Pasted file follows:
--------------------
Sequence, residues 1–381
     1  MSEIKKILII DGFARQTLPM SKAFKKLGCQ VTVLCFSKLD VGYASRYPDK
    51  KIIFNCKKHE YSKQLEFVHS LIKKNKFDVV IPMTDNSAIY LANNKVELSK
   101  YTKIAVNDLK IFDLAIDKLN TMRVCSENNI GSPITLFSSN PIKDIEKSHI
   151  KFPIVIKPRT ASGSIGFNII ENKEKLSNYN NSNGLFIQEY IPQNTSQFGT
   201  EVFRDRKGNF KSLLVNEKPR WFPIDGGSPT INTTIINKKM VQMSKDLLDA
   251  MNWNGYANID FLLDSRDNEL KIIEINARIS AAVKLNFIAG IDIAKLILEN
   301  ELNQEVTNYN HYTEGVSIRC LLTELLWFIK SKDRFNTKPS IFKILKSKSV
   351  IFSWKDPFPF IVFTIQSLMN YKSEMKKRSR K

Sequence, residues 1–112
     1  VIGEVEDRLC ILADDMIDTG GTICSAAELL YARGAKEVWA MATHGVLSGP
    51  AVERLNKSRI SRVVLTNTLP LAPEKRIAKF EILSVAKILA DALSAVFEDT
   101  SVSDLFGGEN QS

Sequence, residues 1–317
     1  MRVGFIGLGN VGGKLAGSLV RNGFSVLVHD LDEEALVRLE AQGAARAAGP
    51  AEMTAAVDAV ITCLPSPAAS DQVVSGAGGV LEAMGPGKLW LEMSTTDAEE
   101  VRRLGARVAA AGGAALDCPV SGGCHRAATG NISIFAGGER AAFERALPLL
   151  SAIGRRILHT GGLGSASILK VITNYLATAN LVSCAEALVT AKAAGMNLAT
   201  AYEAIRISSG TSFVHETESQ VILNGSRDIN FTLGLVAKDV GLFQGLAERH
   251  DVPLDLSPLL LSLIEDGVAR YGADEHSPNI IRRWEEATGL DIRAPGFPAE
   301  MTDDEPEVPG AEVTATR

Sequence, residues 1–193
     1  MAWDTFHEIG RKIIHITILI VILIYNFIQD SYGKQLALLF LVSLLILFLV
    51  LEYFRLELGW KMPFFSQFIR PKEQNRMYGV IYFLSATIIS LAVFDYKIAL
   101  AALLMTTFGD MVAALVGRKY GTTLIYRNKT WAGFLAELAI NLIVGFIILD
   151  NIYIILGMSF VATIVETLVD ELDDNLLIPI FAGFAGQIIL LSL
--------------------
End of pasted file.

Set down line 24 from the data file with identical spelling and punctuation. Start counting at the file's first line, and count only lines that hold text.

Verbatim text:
    51  LEYFRLELGW KMPFFSQFIR PKEQNRMYGV IYFLSATIIS LAVFDYKIAL